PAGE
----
As of June 2021, what percentage of the Kansas population is vaccinated against COVID-19?
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According to the Kansas Department of Health and Environment, as of May 12, 2019, 61.3 percent of people in Kansas aged 6 months and older have received at least one dose of a vaccine for influenza (flu). The percentage of people in Kansas who are up-to-date on their flu vaccination is highest among those aged 65 years and older (87.7 percent) and lowest among those aged 18-49 years (50.5 percent).
Kansas’ vaccination rates
According to the Centers for Disease Control and Prevention, as of April 2019, Kansas is one of the states with the lowest vaccination rates in the country. In fact, only about 50 percent of the population is up-to-date on their vaccinations. This low number is concerning for a variety of reasons.
According to the Kansas Department of Health and Environment, as of May 2019, 78.9% of Kansas children aged 19-35 months are up to date on all recommended vaccinations. This includes routine vaccinations for things like diphtheria, pertussis (whooping cough), tetanus, and measles, mumps and rubella. If your child has not yet been vaccinated, it’s not too late to get them up to date. Contact your local health department or healthcare provider to schedule an appointment.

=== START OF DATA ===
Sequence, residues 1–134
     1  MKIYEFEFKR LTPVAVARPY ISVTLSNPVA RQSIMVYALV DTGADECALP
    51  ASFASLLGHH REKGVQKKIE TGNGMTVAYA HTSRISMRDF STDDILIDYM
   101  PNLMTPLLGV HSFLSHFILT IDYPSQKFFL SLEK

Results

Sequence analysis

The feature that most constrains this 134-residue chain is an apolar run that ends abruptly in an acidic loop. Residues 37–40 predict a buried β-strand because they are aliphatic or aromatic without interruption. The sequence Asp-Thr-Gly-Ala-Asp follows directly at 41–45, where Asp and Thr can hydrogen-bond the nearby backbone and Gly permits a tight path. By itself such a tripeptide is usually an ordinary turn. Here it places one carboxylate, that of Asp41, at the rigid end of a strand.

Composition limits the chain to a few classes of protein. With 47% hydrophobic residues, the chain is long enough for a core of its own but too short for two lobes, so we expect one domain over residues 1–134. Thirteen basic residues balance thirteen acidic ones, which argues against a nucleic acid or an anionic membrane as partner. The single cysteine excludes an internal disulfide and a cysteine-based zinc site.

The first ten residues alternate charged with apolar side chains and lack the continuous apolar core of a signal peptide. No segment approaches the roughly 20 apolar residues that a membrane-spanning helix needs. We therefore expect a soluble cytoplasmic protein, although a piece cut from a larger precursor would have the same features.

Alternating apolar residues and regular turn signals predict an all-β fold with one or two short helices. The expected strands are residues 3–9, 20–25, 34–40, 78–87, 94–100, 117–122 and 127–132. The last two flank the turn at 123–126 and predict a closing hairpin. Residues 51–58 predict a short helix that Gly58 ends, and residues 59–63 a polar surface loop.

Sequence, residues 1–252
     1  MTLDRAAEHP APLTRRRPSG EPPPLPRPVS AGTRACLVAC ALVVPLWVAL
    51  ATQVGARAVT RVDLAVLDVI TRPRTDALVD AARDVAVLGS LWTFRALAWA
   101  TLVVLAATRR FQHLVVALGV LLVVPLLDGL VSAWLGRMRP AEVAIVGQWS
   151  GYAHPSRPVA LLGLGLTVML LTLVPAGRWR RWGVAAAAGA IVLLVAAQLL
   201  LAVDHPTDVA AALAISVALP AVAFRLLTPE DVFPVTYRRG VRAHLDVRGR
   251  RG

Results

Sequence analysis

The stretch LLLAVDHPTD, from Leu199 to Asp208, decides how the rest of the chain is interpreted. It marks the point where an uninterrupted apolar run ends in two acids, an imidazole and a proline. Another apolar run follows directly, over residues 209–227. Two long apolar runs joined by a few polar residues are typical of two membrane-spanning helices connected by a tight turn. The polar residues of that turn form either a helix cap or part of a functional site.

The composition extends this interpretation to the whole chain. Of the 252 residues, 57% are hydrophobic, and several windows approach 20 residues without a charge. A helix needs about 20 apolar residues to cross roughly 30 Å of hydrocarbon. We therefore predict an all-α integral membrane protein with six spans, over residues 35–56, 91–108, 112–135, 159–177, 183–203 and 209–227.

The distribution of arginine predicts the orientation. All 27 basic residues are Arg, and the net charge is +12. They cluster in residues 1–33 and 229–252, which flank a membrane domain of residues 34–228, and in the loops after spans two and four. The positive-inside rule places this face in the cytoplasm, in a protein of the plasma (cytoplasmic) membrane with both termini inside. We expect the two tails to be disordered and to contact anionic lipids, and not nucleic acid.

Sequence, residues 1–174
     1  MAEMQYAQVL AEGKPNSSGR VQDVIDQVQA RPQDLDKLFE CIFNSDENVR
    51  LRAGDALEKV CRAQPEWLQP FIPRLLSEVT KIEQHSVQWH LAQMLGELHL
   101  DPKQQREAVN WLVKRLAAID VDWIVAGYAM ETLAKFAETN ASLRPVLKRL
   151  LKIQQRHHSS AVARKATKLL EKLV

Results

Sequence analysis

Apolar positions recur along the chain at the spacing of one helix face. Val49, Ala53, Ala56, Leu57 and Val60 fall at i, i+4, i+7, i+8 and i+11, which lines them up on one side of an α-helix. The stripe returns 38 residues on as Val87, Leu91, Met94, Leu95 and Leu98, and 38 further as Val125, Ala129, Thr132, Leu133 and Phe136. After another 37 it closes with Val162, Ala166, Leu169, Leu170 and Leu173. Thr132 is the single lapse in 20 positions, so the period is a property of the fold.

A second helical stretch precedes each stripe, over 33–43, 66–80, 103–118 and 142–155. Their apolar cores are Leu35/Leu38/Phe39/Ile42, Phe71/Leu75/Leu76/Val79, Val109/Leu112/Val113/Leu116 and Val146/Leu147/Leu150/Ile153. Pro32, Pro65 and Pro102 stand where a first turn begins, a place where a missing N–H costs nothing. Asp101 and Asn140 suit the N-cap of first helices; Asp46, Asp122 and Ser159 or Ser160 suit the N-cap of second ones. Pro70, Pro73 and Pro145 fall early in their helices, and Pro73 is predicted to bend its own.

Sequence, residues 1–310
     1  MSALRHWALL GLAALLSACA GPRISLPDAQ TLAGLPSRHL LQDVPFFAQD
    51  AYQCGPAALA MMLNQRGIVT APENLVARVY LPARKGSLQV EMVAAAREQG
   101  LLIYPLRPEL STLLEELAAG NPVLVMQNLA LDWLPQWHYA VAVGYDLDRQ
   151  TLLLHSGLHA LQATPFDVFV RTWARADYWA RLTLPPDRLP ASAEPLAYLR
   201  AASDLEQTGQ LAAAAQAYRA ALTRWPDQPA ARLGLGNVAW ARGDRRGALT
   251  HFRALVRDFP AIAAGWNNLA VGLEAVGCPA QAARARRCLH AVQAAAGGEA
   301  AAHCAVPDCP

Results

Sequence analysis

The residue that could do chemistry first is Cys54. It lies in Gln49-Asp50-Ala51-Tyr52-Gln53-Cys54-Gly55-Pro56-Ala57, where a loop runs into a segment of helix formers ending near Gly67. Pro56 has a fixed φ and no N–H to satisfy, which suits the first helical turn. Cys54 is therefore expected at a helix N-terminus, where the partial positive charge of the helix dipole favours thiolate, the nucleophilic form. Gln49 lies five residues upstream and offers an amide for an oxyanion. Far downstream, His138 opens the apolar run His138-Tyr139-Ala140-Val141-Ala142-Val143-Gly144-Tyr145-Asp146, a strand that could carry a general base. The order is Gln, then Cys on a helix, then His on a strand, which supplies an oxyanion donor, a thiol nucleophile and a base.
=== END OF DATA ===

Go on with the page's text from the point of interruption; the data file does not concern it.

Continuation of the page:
As of April 5, 2021, 55.2% of Kansas adults have been vaccinated with at least one dose of a COVID-19 vaccine.
Why are some people hesitant to vaccinate?
There are a few reasons why some people may be hesitant to vaccinate. The first is that they may not be aware of the benefits of vaccination. Vaccination can protect not only the person being vaccinated, but also their community by preventing the spread of disease. The second reason is that some people may be concerned about the safety of vaccines. It is important to know that all vaccines go through a rigorous safety testing process before they are approved for use. The third reason is that some people may believe that vaccinations are not necessary because they have never experienced a serious disease. However, it is important to remember that even mild diseases can have serious consequences for young children, pregnant women, or people with weakened immune systems.
The importance of vaccinations
Vaccines are important because they protect people from serious diseases. When enough people in a community are vaccinated, it helps to protect everyone, even those who can’t get vaccinated. This is known as “herd immunity”.
Vaccinations are especially important for young children, pregnant women, and people with weakened immune systems. The Centers for Disease Control and Prevention (CDC) recommends that everyone 6 months of age and older should get a flu vaccine every year.
The Kansas Department of Health and Environment (KDHE) tracks how many people in Kansas have been vaccinated against the flu. The KDHE website has a page that shows what percentage of the population has been vaccinated in each county.
In conclusion, as of April 2019, approximately 79% of the Kansas population aged 6 months and older has been vaccinated against influenza. This is a significant increase from previous years, and reflects the state’s commitment to protecting its residents from this potentially deadly virus.